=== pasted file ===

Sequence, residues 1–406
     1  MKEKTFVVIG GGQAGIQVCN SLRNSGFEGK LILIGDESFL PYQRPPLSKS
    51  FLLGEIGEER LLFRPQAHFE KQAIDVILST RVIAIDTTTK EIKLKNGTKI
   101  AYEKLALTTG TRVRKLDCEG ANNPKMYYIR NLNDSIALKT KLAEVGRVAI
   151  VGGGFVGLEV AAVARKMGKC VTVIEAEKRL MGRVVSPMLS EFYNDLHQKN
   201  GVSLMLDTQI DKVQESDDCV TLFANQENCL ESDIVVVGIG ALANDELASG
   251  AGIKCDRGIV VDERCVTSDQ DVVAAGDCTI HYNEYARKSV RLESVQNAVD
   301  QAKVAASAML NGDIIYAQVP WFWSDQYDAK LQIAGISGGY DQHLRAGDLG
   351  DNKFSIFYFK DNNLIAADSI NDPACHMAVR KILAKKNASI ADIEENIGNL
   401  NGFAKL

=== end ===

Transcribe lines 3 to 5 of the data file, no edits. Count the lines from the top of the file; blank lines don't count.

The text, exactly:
    51  FLLGEIGEER LLFRPQAHFE KQAIDVILST RVIAIDTTTK EIKLKNGTKI
   101  AYEKLALTTG TRVRKLDCEG ANNPKMYYIR NLNDSIALKT KLAEVGRVAI
   151  VGGGFVGLEV AAVARKMGKC VTVIEAEKRL MGRVVSPMLS EFYNDLHQKN